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Washington County "Little Washington" Pennsylvania
Genealogy and Family History 




Newspapers of McDONALD, PA
and Surrounding areas

BIOGRAPHIES - Letter W, 1800s

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    Enhance your genealogy research about ancestors from McDonald, Washington County PA with newspaper articles, birth, death, marriage, notices, obituaries often with cemeteries noted, probate, deed, surname, family trees or family histories, reunions and other information.


Windmill, animated


January 16, 1892

McDonald PA Outlook

Mr. John WHITE, brother of David WHITE of Cecil, was visiting friends in this section last week. Mr. WHITE was formerly a resident of Cecil and is well known her by many of the older citizens. 34 years ago last October he was married to Miss CAMPBELL, an Ohio lady, and after spending a few weeks among friends in Cecil and adjoining townships took up his residence in Ohio, where he has resided ever since. He relates that while on his wedding tour in the section in the month of November, 1857, there was some extremely cold weather; that the ground was covered with snow and the sleighing good, and that while driving in the Miller's Run Valley one very cold day they saw chickens that were frozen to the limbs of trees in ... three different places. (Line missing)

He has for several years lived near Wooster, and has given his children the benefit of the superior educational advantages of that college town. He has six children, five of whom are graduates of the University of Wooster. His oldest son, Rev. W. W. WHITE, now a professor in the Xenia U. P. Theological seminary, is the author of a work on "memory training," which has helped to bring him to the prominent and enviable position he now occupies in the church and country. His second son is now laboring in the interest of the Y. M. C. A., at a salary of $150 a month and expenses, but it is and has been his intention to enter the ministry. Two of his daughters are wives of ministers, the third is yet unmarried, while the third son is shipping clerk for a Montana mining company. Mr. WHITE's family has so far a very honorable record, and has good reason to be proud of it.

*Cecil column


December 30, 1893

McDonald Outlook

[NOTE: This sketch is about Thomas Wilson]

The subject of this sketch, who died at his residence in the Parkinson property, Barr Street, McDonald, December 20th, was in many respects a remarkable man. Being a person of good mind and fine taste, he had as far as possible during the sixty-six years of his life stood aloof as a thoughtful and rather melancholy observer from the rude, boisterous, and ill directed activities of the crude life around him. He was a worker in wood and a master hand at whatever he gave his mind to, and so unwillingly was he to spoil good timber and half-do work that he said only wasted material and marred landscape, that he could be induced with no money to engage in the rude of rank and file carpenters around him, who forever in a hurried panic, without forethought, design, or satisfactory result, were constructing dwellings and business blocks that he considered inimical to all the first principles of art. And so as an ax-man he found most pleasure alone with himself in the woods. He was a great reader and thinker. The habit of his mind was logical, and it was a pleasure to listen to his deliberate utterances of the well defined thoughts he had forged in his solitude. Mr. WILSON spent his boyhood on a small homestead near SMITH's Mills, on the B. & O. Railroad, in North Strabane Township, to which place his father, who was originally from Derry, Ireland, had come when Thomas was five years old. His mother's name was MCCORKLE and was connected with the MCDONOUGHs, BERRYs, HARTs, WEIRs, HULTZes, THOMASes, and other old families still in that country. He was a second cousin of Cashier G. S. CAMPBELL and also of Mr. HULTZ, the young business partner of 'Squire MAY, who died of typhoid fever in McDonald a few years ago. When a youth he went to Pittsburg and learned the trade of a carpenter and joiner. In 1847 he was married to Miss Eliza Ann MCCLAINE, who family had come to Pittsburg from the East--a people noted for ability in intellectual pursuits. Her father was the inventor of the first power threshing machine in this country, long known as the "bunty machine," and she herself was a person of unusual education and culture.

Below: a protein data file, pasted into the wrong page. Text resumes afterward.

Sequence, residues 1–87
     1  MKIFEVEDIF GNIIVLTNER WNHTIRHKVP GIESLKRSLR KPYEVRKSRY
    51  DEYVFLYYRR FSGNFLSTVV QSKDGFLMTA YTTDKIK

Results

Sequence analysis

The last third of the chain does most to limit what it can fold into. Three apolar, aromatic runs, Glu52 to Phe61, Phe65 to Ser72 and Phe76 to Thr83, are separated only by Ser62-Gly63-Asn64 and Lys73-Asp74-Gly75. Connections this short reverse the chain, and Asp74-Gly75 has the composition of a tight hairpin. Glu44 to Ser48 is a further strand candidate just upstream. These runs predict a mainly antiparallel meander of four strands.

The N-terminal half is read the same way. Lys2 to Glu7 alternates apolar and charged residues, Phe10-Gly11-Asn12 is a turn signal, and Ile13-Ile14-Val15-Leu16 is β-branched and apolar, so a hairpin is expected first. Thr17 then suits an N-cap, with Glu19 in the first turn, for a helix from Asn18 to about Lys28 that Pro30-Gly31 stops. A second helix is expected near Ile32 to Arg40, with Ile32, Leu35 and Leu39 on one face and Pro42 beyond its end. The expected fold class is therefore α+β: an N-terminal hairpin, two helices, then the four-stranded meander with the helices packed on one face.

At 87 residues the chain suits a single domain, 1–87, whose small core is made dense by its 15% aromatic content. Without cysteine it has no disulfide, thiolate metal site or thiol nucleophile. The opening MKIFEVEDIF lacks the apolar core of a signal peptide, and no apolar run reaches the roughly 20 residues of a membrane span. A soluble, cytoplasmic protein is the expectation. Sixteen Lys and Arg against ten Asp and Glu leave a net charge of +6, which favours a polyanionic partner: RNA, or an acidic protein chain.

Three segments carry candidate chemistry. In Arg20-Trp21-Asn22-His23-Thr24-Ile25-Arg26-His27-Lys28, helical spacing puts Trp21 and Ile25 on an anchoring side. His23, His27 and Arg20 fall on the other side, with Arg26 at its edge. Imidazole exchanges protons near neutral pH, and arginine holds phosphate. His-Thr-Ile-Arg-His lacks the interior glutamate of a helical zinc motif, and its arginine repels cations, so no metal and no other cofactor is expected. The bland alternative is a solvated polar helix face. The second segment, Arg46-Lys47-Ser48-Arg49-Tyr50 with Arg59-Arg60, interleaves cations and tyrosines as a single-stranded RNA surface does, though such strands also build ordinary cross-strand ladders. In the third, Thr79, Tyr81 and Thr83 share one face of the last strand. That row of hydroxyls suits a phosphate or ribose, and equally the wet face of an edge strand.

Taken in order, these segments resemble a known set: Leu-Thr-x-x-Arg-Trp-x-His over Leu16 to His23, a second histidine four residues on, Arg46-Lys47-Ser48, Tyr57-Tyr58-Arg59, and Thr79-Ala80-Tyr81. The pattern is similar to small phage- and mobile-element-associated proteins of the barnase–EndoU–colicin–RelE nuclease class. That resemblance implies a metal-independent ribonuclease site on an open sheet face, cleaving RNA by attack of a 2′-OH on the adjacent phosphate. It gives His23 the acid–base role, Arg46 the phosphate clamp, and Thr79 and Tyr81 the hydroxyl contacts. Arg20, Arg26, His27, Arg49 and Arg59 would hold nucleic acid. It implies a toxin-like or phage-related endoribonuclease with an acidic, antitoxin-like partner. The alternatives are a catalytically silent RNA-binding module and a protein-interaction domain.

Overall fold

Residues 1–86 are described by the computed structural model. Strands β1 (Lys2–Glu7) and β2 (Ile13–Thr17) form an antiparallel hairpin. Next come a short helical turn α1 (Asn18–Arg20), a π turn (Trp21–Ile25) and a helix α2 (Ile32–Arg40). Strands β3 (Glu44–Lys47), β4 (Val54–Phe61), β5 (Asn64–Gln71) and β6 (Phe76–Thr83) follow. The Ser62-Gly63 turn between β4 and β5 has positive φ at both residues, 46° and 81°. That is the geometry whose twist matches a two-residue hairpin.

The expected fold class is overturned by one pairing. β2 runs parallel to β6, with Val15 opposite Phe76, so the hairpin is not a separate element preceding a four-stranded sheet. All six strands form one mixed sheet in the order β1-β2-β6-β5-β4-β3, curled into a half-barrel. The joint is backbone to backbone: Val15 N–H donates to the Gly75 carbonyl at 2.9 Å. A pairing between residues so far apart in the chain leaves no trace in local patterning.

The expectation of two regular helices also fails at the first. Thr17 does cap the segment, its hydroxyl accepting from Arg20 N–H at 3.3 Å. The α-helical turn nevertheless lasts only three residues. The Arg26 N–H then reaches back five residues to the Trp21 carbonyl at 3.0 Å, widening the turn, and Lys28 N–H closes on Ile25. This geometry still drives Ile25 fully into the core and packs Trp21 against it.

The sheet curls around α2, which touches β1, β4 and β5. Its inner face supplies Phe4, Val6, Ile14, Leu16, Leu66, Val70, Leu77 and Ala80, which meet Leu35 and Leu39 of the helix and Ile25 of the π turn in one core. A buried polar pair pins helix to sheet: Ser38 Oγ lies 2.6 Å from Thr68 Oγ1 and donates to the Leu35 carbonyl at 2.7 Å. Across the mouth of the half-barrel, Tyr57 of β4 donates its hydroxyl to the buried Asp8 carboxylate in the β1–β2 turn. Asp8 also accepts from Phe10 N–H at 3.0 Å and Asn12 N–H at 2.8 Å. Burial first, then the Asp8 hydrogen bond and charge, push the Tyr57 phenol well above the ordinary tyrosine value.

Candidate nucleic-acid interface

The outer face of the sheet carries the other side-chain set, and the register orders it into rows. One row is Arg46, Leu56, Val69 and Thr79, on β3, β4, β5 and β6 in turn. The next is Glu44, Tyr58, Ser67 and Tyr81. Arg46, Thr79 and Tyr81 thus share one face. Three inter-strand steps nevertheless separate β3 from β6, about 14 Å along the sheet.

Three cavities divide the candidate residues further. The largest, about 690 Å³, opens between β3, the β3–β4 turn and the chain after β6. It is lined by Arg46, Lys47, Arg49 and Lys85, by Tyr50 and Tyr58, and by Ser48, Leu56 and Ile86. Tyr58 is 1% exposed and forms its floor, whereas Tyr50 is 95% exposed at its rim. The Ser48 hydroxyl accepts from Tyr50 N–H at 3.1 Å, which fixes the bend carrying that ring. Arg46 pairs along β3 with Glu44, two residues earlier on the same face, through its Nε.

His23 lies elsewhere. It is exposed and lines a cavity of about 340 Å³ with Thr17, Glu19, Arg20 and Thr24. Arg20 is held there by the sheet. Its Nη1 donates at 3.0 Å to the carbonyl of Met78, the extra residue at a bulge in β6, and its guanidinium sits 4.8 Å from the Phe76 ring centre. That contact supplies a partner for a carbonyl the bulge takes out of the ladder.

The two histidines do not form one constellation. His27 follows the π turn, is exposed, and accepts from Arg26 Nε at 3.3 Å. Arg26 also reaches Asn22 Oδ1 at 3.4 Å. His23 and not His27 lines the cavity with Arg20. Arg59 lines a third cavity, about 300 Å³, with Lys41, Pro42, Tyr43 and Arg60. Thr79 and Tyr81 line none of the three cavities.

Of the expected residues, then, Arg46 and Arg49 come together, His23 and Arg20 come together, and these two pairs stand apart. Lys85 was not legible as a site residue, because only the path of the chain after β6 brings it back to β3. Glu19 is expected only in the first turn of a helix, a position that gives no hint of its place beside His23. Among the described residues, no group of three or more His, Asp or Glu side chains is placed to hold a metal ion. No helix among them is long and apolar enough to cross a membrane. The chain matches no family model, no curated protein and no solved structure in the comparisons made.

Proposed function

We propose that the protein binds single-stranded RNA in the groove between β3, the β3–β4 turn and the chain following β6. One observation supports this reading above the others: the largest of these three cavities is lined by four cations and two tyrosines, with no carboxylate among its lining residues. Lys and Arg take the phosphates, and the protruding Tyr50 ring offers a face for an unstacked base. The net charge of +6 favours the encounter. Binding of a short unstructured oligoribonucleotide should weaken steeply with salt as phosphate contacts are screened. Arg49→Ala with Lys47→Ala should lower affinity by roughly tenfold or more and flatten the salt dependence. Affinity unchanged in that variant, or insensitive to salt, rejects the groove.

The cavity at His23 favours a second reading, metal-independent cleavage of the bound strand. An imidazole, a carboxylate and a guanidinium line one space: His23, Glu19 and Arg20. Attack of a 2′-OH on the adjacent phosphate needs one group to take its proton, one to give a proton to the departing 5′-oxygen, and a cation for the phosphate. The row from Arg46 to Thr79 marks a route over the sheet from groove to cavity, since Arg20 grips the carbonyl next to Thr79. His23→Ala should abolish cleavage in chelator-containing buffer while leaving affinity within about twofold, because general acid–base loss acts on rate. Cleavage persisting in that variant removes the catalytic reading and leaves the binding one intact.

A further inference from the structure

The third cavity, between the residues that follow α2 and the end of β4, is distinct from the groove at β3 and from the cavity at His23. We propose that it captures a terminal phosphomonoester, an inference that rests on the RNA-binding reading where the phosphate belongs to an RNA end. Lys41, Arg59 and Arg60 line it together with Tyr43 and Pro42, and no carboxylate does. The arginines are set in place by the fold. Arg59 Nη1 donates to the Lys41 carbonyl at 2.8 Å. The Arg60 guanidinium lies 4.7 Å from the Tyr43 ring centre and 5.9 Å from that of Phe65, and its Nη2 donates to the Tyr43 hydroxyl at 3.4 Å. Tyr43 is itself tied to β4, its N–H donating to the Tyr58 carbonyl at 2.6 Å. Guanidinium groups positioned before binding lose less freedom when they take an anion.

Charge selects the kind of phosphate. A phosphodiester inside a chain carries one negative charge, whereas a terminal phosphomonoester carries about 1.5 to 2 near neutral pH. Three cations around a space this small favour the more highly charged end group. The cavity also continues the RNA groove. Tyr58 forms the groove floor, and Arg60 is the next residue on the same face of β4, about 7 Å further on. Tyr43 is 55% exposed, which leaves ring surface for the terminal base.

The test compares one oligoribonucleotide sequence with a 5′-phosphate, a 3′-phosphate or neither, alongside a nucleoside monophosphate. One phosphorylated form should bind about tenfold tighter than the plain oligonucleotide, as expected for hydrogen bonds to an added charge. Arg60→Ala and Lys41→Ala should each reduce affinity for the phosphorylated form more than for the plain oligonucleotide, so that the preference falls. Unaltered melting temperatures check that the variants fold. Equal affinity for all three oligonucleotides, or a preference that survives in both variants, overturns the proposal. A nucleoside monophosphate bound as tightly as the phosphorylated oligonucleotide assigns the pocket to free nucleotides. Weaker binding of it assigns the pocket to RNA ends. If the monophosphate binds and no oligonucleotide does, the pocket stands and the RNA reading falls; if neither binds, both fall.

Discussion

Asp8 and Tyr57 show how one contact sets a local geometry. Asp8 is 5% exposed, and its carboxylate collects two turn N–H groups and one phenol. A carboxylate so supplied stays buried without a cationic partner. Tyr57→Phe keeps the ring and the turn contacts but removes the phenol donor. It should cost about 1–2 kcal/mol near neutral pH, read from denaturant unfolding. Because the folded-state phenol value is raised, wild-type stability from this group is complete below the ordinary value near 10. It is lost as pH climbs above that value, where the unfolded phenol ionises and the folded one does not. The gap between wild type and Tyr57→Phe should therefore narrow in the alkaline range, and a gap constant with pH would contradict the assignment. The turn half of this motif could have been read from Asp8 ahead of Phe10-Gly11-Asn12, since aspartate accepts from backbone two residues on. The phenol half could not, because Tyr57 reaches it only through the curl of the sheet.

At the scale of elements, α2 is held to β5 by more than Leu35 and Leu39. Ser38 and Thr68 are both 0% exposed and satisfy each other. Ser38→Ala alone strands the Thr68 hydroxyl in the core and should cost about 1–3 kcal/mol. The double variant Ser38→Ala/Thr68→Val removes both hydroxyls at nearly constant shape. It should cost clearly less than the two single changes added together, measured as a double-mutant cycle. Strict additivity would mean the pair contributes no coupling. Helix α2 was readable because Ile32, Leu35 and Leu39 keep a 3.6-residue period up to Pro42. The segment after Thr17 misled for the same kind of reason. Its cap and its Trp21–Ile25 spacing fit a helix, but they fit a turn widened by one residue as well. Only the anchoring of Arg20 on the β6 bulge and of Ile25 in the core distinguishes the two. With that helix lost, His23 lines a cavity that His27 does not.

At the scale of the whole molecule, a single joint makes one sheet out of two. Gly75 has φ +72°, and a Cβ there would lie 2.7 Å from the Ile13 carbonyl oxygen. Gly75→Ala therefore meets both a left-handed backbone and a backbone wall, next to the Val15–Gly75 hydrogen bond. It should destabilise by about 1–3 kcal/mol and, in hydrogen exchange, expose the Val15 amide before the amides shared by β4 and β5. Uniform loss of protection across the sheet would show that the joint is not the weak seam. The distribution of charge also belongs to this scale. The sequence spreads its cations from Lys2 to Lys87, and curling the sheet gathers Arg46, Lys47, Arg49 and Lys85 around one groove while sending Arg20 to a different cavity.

There were six children by this first marriage. Four died in infancy. Alice L., the eldest, is the wife of Mr. Samuel AYERS, of East Noblestown Street; Robert Burns is a resident of Frankfort, Ky., unmarried, and a man with a national reputation as an artist and writer. Many of his productions have been published in the Century Magazine. The WILSON family lived in Pittsburg, at SMITH's Mills, (where the poet and artist Robert BURNS was born) at Washington, and at West Alexander, where the wife died and was buried. In after years Mr. WILSON was married to Miss AYERS, a daughter of Mr. John AYERS, of Jumbo. They lived in Mansfield; in '72 they removed to Venice; in '85 removed to McDonald. By this marriage were born two daughters--Ella J., wife of Edward JUDD and Harriet wife of Mr. ROBERTSON, well known citizens of this place. Mr. WILSON was always a consistent member of the U. P. Church; while in Mansfield served as an elder.



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     These newspaper items were researched and typed by Victoria Hospodar Valentine for the over the course of 5 years.  Vicki had submitted hundreds of articles to the mailing list and other Lists.

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All newspaper items posted with permission of the Observer-Reporter Oct. 13, 2005.

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